04x24 - Peeper Two

Episode transcripts for the TV show "The Bob Newhart Show". Aired: September 16, 1972 –; April 1, 1978.
Comedian Bob Newhart portrays a psychologist whose interactions with his wife, friends, patients, and colleagues lead to humorous situations and dialogue.
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04x24 - Peeper Two

Post by bunniefuu »

- Carol, what's this notice supposed to mean?
- What does it say?

“We will be painting the walls on Monday.
Building maintenance.“

Well, I'm only a receptionist,
but I think it means...

that building maintenance
will be painting the walls on Monday.

I want to know why
they're painting the walls.

Come on,jerry.
These walls are drab.

Looks like the inside
of a medical building.

Perhaps there's a reason for that?

- Yeah, but why does the color have to
be so depressing? - It's not. It's blue.

Aha. That's right.
Blue, for the blues.

Feeling blue, low down.

[Quoting Lyrics]

YOUI' mama W wrong.

What about- [ Quoting Lyrics]
Blue, happy.

Yellow is happy.
You know.

[Quoting Lyrics]
“Come on, get yellow.“

Bob, what color do you think
the walls should be?

- What color are they now?
- Blue.

- Really?
- They'd be happier being yellow.

Well, we don't want to
have sad walls.

Oh. Take a look at this.

Guess who's coming to town- Cliff Murdock.
My old college buddy.

The one they call the Peeper
because in college...

he used to look through binoculars
into the girls' dorm?

- That's the guy.
- The guy's a buffoon.

You didn't like him because he put
fake rubber vomit on your desk.

Uh, Carol, would you
call Emily and tell her...

that Cliff will be staying with us?

Bob, Emily and I are friends,
and I'd like to keep it that way.

UhJerry, would you call Emily-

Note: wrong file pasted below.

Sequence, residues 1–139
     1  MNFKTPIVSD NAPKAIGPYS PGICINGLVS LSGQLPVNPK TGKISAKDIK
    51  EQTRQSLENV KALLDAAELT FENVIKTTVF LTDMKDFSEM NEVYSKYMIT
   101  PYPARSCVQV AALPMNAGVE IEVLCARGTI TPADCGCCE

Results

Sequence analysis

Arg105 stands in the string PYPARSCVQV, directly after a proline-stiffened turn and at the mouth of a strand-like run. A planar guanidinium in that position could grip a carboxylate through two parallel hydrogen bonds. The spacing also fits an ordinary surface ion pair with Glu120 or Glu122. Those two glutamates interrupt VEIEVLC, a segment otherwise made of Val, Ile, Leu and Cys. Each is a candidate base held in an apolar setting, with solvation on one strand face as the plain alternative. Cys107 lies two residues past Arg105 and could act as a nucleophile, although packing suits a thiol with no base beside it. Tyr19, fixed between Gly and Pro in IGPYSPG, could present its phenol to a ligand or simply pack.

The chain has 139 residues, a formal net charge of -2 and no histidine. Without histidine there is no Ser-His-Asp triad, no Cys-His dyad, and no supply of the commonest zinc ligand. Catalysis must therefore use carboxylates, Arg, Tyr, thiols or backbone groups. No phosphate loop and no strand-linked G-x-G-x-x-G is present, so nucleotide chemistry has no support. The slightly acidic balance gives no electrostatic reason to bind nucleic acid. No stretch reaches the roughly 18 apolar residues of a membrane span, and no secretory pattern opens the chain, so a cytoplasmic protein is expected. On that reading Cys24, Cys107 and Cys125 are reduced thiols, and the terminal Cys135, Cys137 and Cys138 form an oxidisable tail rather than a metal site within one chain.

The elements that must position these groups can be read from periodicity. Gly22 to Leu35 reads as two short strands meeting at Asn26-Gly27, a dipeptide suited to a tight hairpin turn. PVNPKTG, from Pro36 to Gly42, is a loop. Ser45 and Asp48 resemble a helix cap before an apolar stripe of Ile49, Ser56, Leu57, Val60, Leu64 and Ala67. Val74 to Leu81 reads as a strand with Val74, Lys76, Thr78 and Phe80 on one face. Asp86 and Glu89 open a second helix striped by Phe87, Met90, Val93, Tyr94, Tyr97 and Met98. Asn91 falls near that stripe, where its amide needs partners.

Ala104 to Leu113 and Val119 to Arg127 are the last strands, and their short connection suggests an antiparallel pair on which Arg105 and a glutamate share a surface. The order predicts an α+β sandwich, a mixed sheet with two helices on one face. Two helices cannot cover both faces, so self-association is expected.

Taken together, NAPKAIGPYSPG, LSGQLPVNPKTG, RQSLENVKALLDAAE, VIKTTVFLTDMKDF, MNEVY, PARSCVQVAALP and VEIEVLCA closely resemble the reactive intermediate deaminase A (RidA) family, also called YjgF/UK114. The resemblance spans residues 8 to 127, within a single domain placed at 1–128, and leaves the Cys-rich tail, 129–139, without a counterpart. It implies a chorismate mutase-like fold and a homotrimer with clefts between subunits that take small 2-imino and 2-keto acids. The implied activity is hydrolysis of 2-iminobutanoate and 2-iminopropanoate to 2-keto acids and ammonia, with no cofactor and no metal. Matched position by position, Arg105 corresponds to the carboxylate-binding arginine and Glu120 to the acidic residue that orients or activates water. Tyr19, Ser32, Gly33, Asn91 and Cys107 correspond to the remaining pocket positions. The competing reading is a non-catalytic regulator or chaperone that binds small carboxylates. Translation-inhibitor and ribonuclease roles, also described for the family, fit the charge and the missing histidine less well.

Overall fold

Not a chance.

Okay then. Um-
Carol, take a letter.

- Take my advice here and say it with flowers.
- Good idea.

Um, order a dozen roses...

and include this note.

Um, “Dear Emily,
I love you very much.

“L knowl should
say it more often.

“Have a nice day.

Your loving husband, Bob.“

“Uh, P.S...

Cliff Murdock
may drop in for a month.“

[Steady Tone]


Are you listening
to the test pattern...

or should I shut off the TV set?

- What, uh- What time is it?
- It's : .

- I'm going to bed.
-[Shuts Off]

You're going to bed
before the Peeper gets here?

The Peeper said he'd be here
in time for dinner.

- He said he'd try to get here for dinner.
- He's not gonna make it.

Yeah. You're right.

- All right. We'll have dinner without him.
- Bob.

I am not gonna cook
at : in the morning.

You don't have to cook.
just, you know, toss a salad for us.

- I'm going to bed.
- I'm gonna wait up for my friend.

Doesn't it bother you that your friend didn't
even call to tell you where he is?

Maybe he doesn't know
where he is.

Maybe he's hurt or stranded,
or maybe he's d*ad.

He got tired, pulled off the road,
and he's staying at a motel.

That is ridiculous. He's d*ad.

He was probably racing here,
going O miles an hour,

try to get here on time
before dinner...